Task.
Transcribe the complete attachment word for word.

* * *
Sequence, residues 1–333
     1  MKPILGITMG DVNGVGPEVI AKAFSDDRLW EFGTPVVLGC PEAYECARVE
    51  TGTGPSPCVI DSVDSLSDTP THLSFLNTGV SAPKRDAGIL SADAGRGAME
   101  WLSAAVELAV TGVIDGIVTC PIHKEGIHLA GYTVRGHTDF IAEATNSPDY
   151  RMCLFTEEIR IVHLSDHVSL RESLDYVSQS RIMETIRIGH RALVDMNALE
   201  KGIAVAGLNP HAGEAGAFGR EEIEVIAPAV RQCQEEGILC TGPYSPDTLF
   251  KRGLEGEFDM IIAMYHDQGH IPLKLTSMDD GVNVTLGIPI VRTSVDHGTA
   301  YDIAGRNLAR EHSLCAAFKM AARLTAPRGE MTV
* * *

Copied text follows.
Sequence, residues 1–333
     1  MKPILGITMG DVNGVGPEVI AKAFSDDRLW EFGTPVVLGC PEAYECARVE
    51  TGTGPSPCVI DSVDSLSDTP THLSFLNTGV SAPKRDAGIL SADAGRGAME
   101  WLSAAVELAV TGVIDGIVTC PIHKEGIHLA GYTVRGHTDF IAEATNSPDY
   151  RMCLFTEEIR IVHLSDHVSL RESLDYVSQS RIMETIRIGH RALVDMNALE
   201  KGIAVAGLNP HAGEAGAFGR EEIEVIAPAV RQCQEEGILC TGPYSPDTLF
   251  KRGLEGEFDM IIAMYHDQGH IPLKLTSMDD GVNVTLGIPI VRTSVDHGTA
   301  YDIAGRNLAR EHSLCAAFKM AARLTAPRGE MTV